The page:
I became interested in N. Christian Jacobsen's discussion of form, in his book (thankfully translated by Barbara Bauer) I Sløjdsagen Et Inlæg, and particularly in the idea that a sense of form is a component in the development of intellect. The relationship between form and intelligence should not be a surprise to anyone associated with IQ tests that require you to observe various parts and indicate which fit together, which are the same and which are different. But in schooling, as it has become overly preoccupied with language alone, the subject of form almost never comes up. It should be a subject for all students but even students in the arts may never be introduced to it. When I mentioned Jacobsen to an artist friend I was told about Heikki Seppä in return. Seppä's book Form Emphasis for Metalsmiths is considered a classic among jewelers and metal sculptors.
Much of Seppä's book is filled with drawings of what happens when you hit metal with a hammer, and with descriptions and drawings of how to join parts, so it may not be of a great deal of interest to all woodworkers. But at the time the book was written (1978) Seppä was leading the movement from metal working being a purely utilitarian craft to one that hammered hard for acceptance at the doors of non-functional art. To do that Seppä suggested that metal workers do two things to overcome the limits of what could be perceived.
In metalsmithing, limitation of creativity can occur when artists neglect the basic characteristics of a metal. A thorough knowledge of materials and techniques is a direct measure of artistic freedom; the fewer technical problems that artists must solve, the more spontaneous their art will be. – Heikke SeppäAnd so, metalsmiths were required to pound the heck of the material to carefully observe its properties. The other area in which Seppä sought a shift was in how metalsmiths would talk about form, as up to that time, the terminology used to discuss form was anchored in the terminology from the earlier era in which metalsmiths made utilitarian objects, cups, tankards, bowls, vases and boxes. The earlier language of form involved those specific shapes. In Seppä's view, the use of those terms was a form of stereotyping that restricted the craftsman's freedom in his or her exploration of form. Seppä urged metalsmiths to use geometry as a source for their terminology rather than generic names derived from functional forms.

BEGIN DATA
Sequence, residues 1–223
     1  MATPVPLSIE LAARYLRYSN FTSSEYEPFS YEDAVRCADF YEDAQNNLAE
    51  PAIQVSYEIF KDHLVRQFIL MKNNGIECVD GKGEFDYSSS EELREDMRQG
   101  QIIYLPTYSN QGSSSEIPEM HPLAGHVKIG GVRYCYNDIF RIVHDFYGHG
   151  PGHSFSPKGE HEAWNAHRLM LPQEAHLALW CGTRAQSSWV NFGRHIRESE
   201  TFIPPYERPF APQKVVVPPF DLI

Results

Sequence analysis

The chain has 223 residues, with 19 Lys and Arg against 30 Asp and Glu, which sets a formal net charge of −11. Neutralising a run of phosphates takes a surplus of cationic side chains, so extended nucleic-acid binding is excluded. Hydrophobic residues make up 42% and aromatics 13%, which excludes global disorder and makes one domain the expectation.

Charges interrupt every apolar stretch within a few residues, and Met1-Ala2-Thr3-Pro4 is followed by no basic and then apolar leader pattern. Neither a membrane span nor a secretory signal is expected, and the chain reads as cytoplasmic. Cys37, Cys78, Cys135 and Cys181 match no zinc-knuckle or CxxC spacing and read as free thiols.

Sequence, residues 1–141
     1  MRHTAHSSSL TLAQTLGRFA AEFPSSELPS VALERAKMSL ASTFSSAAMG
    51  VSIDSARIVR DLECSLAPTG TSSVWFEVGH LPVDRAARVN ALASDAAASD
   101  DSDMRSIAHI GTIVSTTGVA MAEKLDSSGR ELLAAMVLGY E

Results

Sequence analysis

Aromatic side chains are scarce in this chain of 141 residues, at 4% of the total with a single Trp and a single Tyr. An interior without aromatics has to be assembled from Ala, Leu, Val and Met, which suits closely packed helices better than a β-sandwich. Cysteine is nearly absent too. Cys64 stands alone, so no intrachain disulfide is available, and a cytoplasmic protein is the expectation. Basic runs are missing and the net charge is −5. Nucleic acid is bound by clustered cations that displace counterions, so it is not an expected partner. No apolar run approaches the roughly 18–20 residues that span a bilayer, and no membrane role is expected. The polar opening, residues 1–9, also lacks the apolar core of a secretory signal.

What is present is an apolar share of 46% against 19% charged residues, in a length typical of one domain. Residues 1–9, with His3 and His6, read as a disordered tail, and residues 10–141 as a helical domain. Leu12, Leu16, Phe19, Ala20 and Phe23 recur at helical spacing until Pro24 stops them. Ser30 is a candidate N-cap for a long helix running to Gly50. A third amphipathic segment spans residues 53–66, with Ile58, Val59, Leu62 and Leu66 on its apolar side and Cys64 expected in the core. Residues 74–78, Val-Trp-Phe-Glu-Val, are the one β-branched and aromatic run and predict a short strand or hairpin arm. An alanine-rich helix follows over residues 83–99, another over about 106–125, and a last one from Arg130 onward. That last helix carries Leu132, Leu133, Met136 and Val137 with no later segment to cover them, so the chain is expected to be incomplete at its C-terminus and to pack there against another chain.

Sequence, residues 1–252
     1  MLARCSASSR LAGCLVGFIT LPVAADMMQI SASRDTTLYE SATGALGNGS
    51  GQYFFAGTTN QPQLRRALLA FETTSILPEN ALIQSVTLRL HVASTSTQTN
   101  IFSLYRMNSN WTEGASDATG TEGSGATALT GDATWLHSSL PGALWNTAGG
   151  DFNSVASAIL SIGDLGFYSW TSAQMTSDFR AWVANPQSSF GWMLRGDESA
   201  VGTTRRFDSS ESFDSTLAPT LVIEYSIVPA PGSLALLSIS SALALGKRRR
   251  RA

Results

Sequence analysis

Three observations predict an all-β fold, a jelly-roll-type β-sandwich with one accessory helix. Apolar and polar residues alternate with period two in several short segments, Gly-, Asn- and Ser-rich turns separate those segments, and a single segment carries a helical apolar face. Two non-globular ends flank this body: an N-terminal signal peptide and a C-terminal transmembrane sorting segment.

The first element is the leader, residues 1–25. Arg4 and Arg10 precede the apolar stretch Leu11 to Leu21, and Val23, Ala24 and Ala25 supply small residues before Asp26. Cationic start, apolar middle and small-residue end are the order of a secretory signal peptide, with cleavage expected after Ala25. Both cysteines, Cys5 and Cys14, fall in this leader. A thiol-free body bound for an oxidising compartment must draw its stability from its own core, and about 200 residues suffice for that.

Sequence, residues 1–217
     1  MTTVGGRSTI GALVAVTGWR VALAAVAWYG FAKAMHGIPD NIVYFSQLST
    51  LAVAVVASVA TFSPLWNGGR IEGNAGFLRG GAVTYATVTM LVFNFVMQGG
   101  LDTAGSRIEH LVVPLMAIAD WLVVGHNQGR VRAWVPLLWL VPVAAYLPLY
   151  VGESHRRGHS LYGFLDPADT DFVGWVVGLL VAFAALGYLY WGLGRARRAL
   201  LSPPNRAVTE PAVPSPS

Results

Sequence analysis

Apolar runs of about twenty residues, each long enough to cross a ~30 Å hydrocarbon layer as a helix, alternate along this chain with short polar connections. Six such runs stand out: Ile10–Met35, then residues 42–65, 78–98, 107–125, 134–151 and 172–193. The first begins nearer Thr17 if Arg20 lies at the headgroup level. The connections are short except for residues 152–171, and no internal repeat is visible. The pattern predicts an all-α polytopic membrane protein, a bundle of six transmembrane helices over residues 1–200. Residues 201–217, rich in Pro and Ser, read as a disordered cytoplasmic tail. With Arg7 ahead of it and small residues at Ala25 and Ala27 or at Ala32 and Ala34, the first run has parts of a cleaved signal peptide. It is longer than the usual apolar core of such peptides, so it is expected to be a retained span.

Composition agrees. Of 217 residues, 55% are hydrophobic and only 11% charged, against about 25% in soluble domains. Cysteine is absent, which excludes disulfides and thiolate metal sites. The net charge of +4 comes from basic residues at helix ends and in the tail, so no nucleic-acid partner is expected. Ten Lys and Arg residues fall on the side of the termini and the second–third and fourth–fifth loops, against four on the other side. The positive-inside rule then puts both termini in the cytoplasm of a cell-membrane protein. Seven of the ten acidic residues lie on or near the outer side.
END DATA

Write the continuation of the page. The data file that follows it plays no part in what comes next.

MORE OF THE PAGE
...if for instance a domical form were needed as a part for a work, and the word domical were used instead of the word cup, the utilitarian connotations of the language would free the idea from the narrow limits of purely functional considerations, clarify the concept, and make the processes involved more readily understandable. But because artists and designers have not adopted the generic language, they are not yet taking full advantage of the vast potential for developing new forms that the plasticity of the metal affords. – Heikke SeppäOne point of contention came up in my reading of Seppä's work is that he seems to regard functionality as something to be escaped rather than embraced. I like that the words cup, tankard, bowl, vase and box might be used to describe form. But at the time Seppä was writing, craftsmen were attempting to find a place for themselves in an industrialized society. We are still attempting to find that place, though perhaps we might look close to home for the purpose of our creativity, and make useful beauty to be shared with family and community.
Make, fix, create, and extend to others the joy of learning likewise.